NAIROBI, Kenya (AP) _ Nomadic herders seeking grass for their drought-starved cattle fired shots at police trying to evict them from a private ranch in central Kenya, officials said Tuesday.
Police fired back but there were no injuries, said Bernard Muli, second in command of the force at the farming town of Nanyuki. ``We will try again,″ Muli pledged.
The shooting Monday came after the Maasai herders promised they would end their trespass when _ and if _ the rains come, around October.
``We know we have broken the law by doing what we have done,″ Joseph ole Kirokou told a local administrator. ``But ours is a desperate move by desperate people.″
Kirokou said the Maasai had lost many animals due to the 3-year drought. ``We could not watch our children start dying while our neighbors had pasture,″ he said.
The confrontation occurred at the 50,000-acre Lol Daiga Hills ranch near Nanyuki, 90 miles north of Kenya’s capital, Nairobi.
Nomadic herders and their livestock routinely invade farms and private ranches during drought _ but such invasions have become politically sensitive since March, after a local politician urged Kenyans to emulate Zimbabwean Africans who have invaded more than 1,000 farms owned by whites.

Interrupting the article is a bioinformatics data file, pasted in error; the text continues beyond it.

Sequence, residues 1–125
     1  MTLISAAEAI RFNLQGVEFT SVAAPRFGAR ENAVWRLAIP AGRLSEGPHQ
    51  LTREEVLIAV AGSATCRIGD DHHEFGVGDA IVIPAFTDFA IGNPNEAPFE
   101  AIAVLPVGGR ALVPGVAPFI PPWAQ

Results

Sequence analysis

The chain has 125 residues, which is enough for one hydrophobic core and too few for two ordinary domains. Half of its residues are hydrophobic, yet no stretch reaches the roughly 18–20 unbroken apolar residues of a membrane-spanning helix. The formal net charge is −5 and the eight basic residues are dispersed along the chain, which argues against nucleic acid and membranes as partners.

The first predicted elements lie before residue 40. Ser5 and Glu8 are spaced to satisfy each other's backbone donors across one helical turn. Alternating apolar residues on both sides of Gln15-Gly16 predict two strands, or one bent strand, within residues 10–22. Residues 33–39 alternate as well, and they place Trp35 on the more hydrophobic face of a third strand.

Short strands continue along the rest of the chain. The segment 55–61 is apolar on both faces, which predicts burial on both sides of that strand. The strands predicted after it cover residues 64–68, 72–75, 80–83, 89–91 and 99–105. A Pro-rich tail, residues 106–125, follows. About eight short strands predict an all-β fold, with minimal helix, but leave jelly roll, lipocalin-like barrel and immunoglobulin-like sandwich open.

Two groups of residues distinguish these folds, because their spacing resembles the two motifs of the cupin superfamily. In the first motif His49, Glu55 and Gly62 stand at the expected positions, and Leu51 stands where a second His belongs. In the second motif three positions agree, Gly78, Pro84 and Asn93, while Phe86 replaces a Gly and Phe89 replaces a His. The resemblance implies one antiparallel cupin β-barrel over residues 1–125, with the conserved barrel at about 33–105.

The English-language Daily Nation newspaper reported Tuesday that nomads also had invaded two nearby ranches.
The three ranches belong to white Kenyans, although wealthy blacks Kenyans own equally large chunks of land in the ranching region west of Mount Kenya.
In all, an estimated 1,000 people and more than 15,000 head of cattle, have occupied 2,000 acres since Saturday.
Ranchers say the herders, who collectively own adjoining land, overgraze and are quicker victims of drought.
Relief agencies say the drought, which this week forced power-rationing in Kenya and water-rationing in Nairobi, threatens millions of lives in Kenya and surrounding countries.